Low vitamin D, low B 12, low testosterone levels hypothyroidism and blood dyscresias ( i.e. anemia) have sadness, decreased energy, fatigue, lack of interest, problems sleeping, as presenting problems. A comprehensive diagnosis of an affective condition has to exclude medical conditions as their cause. Sometimes depression, anxiety or bipolar disorders are comorbid with medical illness and need separate treatment.

Brain imaging is not used yet in the diagnosis, but might be in the future shows brain changes. These methods of imaging, such as MRI, functional MRI have been widely used in research but not considered cost-effective yet, for the clinical practice. Few of the brain changes noteworthy to mention are decreased left prefrontal cortex blood flow and metabolism, basal ganglia abnormalities, increased amygdal activity and abnormalities in hippocampus.

Case Studies: Integrative Treatment In Psychiatry

How To Treat the Patient AND Address the Diagnosis

 

The Integrative Treatment Model

integrative treatment

When James came to see me for the first time he was accompanied by his wife. When an adult brings their spouse with them at the first visit with the psychiatrist, it almost always means that things are not going well. As they sat on the couch next to each other, I knew James’ wife, Mary, was a strong emotional support for him and that she was there to make the message to me more compelling: James needed help, and he needed it fast!

I noticed that James moved very slowly, with reduced balance of his arms while walking, but as he sat down, he started moving his right leg in a fast, tapping motion.

I heard from James that he was highly functional until three years ago, when he started declining, feeling depressed and losing his ability to enjoy things. His wife Mary told me she noticed a marked change from his usual bubbly personality. During the last three years he had two psychiatric hospitalizations, tried ‘many medications’ and was engaged in weekly therapy.

Referral for Transcranial Magnetic Stimulation (TMS)

Due to his lack of response to medications, his therapist referred him to me to evaluate James for possible Transcranial Magnetic Stimulation (TMS) treatment. His therapist told me on the phone that James was so depressed and that nothing seemed to help him and she did not know what else to suggest.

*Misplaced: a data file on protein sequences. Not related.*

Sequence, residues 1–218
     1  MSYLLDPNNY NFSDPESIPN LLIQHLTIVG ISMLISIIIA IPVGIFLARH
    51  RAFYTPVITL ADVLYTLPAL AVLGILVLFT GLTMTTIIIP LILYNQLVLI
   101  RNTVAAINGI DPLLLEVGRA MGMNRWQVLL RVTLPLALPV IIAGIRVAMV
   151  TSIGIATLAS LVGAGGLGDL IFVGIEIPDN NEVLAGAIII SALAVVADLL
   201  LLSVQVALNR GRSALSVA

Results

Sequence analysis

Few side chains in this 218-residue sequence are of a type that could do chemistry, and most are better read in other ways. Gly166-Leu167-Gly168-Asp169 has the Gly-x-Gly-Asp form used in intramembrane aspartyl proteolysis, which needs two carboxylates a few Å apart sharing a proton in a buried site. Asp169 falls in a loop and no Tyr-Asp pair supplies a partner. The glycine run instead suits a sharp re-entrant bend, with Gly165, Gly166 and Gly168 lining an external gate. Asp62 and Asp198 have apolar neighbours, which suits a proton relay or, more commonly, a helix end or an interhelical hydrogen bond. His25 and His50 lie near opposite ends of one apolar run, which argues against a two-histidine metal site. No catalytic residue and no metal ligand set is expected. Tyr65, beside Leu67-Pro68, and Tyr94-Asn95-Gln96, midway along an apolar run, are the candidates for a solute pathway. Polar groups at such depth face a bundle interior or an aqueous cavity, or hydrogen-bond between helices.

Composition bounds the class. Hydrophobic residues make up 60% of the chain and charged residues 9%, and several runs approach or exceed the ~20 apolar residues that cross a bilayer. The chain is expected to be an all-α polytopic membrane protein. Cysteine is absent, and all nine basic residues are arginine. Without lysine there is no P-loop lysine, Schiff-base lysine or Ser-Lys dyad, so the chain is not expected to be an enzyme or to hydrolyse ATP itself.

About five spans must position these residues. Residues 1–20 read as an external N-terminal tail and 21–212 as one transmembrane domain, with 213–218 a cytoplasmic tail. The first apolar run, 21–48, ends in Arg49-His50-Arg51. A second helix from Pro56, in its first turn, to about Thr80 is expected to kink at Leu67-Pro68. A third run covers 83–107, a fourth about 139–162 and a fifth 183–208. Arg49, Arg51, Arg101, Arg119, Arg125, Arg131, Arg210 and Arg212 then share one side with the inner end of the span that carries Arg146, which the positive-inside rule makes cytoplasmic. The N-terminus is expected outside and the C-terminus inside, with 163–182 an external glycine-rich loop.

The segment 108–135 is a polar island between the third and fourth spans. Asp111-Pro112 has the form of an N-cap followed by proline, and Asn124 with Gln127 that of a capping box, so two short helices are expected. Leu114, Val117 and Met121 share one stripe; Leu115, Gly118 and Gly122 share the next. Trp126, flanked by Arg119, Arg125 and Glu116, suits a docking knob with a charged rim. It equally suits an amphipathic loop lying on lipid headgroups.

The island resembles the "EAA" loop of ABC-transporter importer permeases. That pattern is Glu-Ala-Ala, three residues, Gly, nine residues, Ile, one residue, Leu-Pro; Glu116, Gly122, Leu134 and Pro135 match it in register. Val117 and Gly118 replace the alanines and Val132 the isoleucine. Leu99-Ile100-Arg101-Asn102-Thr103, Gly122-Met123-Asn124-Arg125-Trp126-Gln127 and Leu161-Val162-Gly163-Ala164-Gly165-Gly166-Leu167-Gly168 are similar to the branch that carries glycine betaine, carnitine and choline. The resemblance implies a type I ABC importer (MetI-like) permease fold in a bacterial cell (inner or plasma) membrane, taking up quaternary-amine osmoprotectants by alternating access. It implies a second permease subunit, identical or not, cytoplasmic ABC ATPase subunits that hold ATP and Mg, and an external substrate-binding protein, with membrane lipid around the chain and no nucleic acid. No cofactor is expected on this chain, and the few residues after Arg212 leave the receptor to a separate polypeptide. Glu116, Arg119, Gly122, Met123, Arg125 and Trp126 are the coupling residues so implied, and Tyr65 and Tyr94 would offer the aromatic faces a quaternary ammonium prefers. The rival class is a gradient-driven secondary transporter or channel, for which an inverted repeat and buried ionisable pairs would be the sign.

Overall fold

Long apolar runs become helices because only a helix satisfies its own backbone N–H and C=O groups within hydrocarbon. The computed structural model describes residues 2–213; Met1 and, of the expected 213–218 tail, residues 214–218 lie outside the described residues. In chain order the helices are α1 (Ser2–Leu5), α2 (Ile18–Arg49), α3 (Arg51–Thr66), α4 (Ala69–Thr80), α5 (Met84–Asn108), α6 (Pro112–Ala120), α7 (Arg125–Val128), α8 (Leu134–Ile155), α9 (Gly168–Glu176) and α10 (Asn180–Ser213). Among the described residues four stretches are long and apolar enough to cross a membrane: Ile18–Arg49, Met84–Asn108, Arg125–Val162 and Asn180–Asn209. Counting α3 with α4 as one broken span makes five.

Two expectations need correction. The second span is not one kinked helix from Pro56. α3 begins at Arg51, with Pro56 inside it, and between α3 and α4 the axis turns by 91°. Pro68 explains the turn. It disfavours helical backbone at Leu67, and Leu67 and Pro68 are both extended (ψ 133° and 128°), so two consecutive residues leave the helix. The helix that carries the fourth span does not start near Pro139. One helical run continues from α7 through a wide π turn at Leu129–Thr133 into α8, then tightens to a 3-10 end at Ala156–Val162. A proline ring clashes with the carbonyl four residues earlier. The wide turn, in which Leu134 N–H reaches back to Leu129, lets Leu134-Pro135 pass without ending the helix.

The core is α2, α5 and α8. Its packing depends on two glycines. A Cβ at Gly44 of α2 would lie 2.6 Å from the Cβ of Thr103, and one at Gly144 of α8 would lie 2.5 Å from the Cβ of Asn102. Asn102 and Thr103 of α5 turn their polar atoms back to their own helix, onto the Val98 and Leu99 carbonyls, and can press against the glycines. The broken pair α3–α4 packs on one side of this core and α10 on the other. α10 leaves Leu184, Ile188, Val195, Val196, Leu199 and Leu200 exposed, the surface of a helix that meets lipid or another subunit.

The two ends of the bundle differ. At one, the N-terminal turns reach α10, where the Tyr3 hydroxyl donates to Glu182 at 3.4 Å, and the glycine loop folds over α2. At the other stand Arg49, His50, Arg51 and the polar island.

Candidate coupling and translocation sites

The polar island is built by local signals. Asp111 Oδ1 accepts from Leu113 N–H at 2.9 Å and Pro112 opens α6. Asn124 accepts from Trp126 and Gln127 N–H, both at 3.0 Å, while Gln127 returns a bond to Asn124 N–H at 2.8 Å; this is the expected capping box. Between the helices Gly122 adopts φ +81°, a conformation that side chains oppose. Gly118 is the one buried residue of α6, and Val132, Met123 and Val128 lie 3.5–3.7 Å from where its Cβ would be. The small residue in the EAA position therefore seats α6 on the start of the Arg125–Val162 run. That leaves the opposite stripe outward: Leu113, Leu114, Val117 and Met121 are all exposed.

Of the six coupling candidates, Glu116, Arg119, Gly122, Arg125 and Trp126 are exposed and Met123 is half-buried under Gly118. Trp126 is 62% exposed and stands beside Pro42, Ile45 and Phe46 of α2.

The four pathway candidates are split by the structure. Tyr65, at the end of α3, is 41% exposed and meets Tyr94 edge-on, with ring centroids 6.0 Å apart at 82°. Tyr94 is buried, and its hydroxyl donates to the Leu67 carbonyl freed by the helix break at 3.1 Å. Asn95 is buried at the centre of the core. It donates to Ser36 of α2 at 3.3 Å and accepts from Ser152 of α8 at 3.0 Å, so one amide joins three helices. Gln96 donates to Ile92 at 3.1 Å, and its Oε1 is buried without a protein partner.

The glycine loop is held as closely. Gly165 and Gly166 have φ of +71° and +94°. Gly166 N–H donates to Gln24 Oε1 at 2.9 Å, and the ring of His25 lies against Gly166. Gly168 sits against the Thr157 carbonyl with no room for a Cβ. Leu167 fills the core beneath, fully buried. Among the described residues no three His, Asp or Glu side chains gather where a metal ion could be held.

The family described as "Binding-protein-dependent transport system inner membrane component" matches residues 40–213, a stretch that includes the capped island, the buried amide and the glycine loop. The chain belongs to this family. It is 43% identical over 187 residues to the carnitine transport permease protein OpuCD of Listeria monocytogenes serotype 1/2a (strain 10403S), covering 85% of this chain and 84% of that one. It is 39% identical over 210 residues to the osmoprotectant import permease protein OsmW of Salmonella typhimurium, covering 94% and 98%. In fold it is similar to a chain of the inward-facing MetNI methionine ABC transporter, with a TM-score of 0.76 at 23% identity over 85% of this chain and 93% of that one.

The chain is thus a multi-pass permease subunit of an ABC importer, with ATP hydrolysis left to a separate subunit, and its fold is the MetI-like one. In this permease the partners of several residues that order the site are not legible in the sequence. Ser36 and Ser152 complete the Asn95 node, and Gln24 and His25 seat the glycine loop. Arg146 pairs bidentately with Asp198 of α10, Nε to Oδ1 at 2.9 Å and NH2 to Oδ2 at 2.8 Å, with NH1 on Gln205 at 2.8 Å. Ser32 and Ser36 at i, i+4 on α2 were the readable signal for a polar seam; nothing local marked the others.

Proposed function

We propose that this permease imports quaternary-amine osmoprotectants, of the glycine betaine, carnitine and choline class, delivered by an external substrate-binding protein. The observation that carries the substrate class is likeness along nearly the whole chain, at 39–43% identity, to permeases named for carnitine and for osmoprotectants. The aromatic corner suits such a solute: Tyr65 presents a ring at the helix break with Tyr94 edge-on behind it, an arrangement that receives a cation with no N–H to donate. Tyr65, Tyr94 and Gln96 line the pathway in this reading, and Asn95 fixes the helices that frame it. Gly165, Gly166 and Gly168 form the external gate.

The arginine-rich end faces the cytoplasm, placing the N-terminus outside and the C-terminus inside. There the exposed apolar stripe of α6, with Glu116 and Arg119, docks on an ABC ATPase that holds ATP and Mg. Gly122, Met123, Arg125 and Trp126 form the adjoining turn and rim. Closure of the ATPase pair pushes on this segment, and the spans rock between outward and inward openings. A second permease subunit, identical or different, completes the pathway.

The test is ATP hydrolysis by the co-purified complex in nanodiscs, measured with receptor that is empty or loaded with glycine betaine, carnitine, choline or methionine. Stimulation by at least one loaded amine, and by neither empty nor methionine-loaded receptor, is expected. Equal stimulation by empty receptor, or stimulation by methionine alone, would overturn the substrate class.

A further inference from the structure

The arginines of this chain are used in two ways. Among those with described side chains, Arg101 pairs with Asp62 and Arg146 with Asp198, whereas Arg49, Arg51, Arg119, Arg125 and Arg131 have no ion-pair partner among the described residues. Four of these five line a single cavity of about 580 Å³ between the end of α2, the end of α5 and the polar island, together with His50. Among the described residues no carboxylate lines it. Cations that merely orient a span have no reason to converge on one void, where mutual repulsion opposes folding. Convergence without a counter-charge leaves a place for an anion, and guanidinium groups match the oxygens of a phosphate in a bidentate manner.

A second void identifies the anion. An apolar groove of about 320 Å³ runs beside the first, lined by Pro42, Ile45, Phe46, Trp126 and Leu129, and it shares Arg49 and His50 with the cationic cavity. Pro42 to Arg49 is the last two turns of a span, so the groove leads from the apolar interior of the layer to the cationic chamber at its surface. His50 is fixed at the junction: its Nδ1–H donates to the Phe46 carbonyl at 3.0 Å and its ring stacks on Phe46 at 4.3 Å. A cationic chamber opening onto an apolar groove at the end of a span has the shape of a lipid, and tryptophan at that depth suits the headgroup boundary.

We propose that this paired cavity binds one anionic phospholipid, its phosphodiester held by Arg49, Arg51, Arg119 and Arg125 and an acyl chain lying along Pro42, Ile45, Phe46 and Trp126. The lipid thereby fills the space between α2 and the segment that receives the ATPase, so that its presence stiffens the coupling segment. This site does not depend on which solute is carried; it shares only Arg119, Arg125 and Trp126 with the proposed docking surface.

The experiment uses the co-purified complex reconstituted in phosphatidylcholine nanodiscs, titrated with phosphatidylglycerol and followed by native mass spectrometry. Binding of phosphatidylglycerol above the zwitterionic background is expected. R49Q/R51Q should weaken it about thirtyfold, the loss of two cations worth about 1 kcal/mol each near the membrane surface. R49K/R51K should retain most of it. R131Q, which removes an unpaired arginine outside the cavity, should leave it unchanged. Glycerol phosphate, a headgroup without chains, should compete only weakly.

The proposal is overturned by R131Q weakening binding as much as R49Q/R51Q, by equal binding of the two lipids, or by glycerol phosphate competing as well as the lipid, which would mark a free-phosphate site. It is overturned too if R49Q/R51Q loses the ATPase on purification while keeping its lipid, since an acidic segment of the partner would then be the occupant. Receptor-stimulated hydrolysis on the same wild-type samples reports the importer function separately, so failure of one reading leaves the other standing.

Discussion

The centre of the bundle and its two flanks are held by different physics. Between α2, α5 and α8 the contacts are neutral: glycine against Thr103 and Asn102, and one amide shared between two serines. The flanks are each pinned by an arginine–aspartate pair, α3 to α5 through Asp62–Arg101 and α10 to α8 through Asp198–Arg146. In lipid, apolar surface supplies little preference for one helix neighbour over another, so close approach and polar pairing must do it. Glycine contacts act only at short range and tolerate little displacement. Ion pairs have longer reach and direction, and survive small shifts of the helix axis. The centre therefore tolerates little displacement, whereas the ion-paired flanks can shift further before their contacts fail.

Integrative Treatment Model Assessment

For all my patients, I do a thorough assessment that looks at many physical and mental health issues, so that I can rule out possible medical and health issues that could be contributing to symptoms. This approach is called an Integrative Treatment Model. As part of my integrative treatment assessment, I began to explore whether there was an organic cause to any of his symptoms. Both James and Mary assured me that he was recently evaluated by his Primary Care Physician, who told him that everything was normal, and prescribed him Xanax to help him manage his anxiety. Mary was very concerned that for a period of time, James was taking three of them every day, and she was concerned that he was developing an addiction because he was waking up in the middle of the night to take more pills. James on the other hand, told me that the Xanax was the only thing that was helping him to stop his leg from moving. James reported being very bothered by the fact that his leg would start shaking uncontrollably the moment he woke up in the middle of the night. To prevent him from abusing the Xanax, Mary and James decided she would dispense the Xanax as prescribed. James medication was Prozac 20 mg once daily, Seroquel 100 mg once daily and Xanax 1 mg twice a day.

 

The Correct Diagnosis Leads To The Best Treatment

My initial thoughts in regard to his correct diagnosis were multiple and varied covering different areas, including a neurological condition, a possible bipolar disorder, or a withdrawal from benzodiazepines.

I began to explore a detailed history with James to try to understand what might be causing his symptoms. The more I learned about James‘ depression, the more I believed that it fit the diagnosis of bipolar disorder. This diagnosis was communicated to him in the past, by previous treatment providers, but his current treatment regimen was not adequately addressing his depression.